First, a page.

How to Choose Your Pregnancy Health Care Provider

 

  • Whether you choose a physician or a midwife, you'll have a lot of questions to ask. Make appointments with several potential care providers for a "talk and tour" before you make a decision. Don't worry about hurting anyone's feelings. Many practitioners may be qualified, but not all will be the right fit for your wants, needs and pregnancy care philosophy.
  • You'll learn a lot about the care provider if you ask some of these questions during your first visit:
  • When should I make my first prenatal appointment? If a care provider doesn't want to see you until 12 weeks into your pregnancy, this may be a sign that he or she doesn't value early prenatal education and testing. However, if the provider offers an initial class that covers information on nutrition, reproductive hazards, chemical exposure, warning signs and lifestyle alterations related to pregnancy, exercise and sexual activity, a first exam conducted at 11 to 12 weeks may be appropriate. Watch out for providers who don't want to see a patient until "the risk of miscarriage has passed."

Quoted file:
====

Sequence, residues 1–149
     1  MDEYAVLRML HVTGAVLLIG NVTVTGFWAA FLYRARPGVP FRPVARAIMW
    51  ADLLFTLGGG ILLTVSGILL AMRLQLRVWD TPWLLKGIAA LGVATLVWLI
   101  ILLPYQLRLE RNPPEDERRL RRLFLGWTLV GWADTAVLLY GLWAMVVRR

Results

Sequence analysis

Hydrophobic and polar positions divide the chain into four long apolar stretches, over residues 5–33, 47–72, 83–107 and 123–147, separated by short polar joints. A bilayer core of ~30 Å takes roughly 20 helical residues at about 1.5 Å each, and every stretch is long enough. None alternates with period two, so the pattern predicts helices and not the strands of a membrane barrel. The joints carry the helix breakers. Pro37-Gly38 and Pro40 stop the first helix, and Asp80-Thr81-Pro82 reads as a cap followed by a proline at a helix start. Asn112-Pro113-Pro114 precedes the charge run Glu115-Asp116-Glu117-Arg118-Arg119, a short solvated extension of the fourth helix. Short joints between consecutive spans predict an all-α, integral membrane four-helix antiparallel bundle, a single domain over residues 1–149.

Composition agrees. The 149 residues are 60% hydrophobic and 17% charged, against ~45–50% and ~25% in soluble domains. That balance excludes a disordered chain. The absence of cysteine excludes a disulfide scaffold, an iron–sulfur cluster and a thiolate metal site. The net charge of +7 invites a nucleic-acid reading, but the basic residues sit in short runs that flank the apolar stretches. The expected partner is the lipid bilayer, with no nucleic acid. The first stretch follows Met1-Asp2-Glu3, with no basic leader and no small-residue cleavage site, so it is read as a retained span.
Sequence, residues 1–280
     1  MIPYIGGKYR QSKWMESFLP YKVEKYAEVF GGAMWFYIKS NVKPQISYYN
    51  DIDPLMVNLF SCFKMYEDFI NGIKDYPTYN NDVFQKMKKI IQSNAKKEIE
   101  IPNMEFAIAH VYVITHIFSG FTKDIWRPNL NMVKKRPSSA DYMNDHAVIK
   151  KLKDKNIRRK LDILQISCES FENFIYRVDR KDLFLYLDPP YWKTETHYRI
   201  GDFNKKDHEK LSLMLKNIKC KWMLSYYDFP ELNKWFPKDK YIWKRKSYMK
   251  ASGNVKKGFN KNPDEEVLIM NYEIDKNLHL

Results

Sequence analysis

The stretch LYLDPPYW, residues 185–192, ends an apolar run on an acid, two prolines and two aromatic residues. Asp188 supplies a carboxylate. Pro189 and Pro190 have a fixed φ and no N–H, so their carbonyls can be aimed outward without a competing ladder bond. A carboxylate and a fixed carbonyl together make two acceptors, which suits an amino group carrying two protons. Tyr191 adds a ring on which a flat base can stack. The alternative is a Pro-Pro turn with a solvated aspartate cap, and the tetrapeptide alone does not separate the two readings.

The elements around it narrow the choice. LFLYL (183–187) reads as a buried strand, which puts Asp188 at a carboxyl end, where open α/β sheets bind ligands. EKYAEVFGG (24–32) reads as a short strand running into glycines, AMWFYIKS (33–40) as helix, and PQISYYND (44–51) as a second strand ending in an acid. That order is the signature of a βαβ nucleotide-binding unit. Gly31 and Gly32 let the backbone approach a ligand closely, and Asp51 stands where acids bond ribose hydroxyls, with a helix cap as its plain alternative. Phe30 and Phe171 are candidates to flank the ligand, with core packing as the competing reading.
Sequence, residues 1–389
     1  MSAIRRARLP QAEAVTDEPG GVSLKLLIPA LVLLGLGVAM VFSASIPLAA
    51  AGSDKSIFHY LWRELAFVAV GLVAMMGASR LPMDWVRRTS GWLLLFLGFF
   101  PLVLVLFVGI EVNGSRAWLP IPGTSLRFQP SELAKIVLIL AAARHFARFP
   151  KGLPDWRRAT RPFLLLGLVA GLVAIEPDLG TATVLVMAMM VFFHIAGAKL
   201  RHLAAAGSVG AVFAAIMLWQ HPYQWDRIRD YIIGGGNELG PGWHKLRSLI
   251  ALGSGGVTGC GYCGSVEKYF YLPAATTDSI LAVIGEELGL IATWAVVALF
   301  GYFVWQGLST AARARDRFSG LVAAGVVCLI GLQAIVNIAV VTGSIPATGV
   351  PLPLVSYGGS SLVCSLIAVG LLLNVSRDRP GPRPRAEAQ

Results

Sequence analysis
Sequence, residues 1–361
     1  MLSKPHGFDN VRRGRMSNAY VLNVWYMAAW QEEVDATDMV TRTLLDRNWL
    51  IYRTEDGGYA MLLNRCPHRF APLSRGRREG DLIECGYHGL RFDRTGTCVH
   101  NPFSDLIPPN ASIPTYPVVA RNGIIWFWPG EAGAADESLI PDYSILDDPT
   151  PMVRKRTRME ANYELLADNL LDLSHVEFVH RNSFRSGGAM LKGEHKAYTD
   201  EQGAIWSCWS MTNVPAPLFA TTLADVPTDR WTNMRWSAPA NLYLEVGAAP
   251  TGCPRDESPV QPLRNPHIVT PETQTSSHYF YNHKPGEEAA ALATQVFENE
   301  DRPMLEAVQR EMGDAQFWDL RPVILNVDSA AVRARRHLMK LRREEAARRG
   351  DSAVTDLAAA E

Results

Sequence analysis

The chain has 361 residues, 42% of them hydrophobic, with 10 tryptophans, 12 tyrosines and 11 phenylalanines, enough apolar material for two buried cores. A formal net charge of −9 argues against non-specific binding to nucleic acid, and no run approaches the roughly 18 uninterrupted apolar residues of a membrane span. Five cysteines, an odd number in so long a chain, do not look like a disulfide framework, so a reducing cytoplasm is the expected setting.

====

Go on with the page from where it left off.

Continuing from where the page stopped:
• Will I get to meet the person who'll be with me during labor? If this is important to you, then a smaller practice may be better. In a solo practice, or one with only a few partners, you're more likely to be familiar with all of the health care providers. In a larger practice, you may never meet all of the doctors or midwives, unless they sponsor events where you can meet them all at once.

 

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